I officially began my work in the fall but I don’t think that any really significant changes took place until the winter. The turning point was when the teachers had the opportunity to visit the school in the lower east side, observe the inquiry work being done in classrooms and speak very openly with the P.S. 142 teachers about shared challenges, anxieties and hopes.
What I’m going to share with you now is an example of how two of the first grade teachers, following the visit to P.S. 142 and after debriefing with me, took the Car Study and made it one that engaged the children in their class and satisfied the teachers goals of addressing the Common Core Learning Standards. The first grade staff decided to do a car study because they thought that the topic would engage the children. Also, the school is located in a neighborhood that is an Industrial Park. There are many auto repair shops in walking distance and this would allow for a variety of field trips.
From my point of view, these teachers took important and brave steps forward in their professional growth. Previously they had been working with fairly scripted lesson plans. Now, without a script to follow, it was as though they were walking on a tightrope without a safety net and balancing themselves very well at that! Rather than following a script, they were following the lead of the children, listening carefully to their observations and questions and using this information to plan trips and activities.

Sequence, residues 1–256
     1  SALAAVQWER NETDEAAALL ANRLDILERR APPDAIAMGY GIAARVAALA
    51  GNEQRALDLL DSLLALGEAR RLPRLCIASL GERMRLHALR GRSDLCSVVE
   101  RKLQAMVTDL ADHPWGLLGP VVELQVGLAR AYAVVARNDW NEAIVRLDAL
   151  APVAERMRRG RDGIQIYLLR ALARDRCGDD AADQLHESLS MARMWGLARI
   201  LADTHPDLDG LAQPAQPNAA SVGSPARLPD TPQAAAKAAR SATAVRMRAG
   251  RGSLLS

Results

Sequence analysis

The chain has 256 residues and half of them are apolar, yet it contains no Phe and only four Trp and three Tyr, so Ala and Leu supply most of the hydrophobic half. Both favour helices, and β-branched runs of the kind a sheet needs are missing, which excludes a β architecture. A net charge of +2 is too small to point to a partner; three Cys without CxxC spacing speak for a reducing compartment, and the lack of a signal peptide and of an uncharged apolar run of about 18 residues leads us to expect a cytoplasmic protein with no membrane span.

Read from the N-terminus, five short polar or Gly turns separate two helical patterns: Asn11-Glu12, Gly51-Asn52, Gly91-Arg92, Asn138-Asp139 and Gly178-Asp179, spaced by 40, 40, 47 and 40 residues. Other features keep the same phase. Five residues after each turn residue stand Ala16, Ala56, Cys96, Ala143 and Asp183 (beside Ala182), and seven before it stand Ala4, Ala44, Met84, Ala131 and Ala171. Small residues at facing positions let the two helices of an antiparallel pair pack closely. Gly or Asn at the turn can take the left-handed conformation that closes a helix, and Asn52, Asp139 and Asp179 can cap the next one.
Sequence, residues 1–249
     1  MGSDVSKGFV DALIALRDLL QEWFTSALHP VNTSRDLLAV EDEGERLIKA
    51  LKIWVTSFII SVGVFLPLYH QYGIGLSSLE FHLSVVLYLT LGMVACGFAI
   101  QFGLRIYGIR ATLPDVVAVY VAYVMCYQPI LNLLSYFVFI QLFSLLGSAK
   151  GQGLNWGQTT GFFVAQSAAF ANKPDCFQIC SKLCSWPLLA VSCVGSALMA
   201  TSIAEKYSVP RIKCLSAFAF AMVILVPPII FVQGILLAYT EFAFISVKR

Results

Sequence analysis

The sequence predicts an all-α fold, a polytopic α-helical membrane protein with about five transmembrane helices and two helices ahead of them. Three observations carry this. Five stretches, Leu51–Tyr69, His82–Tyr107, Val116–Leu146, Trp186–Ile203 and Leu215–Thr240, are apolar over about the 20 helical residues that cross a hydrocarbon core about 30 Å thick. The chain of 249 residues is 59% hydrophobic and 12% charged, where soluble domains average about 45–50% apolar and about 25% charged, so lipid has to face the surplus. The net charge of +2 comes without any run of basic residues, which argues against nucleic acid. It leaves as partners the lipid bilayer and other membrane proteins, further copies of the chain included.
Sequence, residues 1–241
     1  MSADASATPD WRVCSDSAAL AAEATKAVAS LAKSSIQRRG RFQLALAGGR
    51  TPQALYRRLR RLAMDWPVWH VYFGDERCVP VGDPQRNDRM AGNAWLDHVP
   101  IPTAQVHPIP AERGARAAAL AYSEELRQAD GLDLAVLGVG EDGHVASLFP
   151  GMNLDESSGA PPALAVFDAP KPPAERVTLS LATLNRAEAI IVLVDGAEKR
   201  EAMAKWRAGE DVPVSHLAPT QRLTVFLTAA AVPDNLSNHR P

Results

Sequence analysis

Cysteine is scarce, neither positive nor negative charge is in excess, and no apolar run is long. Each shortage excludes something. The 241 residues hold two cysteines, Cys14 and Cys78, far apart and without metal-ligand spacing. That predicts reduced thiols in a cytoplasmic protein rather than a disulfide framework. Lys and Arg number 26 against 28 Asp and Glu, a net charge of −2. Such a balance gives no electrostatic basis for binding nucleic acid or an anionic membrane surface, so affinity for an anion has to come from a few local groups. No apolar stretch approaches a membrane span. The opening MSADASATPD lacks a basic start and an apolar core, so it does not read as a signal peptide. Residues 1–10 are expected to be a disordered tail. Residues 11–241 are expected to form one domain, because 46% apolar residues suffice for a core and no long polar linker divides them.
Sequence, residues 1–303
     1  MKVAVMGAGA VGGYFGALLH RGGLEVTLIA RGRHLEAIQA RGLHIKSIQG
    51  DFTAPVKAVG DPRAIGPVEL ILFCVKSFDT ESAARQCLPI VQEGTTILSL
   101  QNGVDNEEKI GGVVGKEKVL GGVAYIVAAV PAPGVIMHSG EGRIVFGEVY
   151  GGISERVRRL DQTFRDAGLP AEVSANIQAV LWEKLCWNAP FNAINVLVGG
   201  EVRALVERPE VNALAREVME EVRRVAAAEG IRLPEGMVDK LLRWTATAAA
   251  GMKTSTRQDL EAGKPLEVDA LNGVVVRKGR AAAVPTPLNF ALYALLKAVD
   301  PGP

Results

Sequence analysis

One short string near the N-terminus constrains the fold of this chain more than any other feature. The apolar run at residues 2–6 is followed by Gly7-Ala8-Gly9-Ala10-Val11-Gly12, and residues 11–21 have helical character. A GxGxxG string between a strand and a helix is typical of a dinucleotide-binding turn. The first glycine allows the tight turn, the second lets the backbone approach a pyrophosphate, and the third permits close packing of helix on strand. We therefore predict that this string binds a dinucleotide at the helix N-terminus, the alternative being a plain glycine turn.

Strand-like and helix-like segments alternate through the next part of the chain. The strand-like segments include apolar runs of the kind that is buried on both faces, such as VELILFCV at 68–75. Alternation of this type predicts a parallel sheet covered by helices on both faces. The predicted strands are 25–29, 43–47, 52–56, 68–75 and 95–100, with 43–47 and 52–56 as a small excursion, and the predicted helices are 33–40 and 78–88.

Last week I had my last consulting day for this year. We met to discuss challenges, successes, hopes, and fears. The teachers (all eight on the grade) agreed that the children were very engaged during the Car inquiry study and were quite excited about the many field trips. (I often emphasized to the teachers that the field trips were their primary resources and that they would be the inspiration for further investigations.) Children were enthusiastically writing because their writing was in the service of their investigations and projects. They were reading books to do research. The teachers noted that the children were now taking ownership of their own learning, engaging in group planning and were more articulate in their observations and questions. They also noted that there were no behavior problems when children were working on the inquiry study!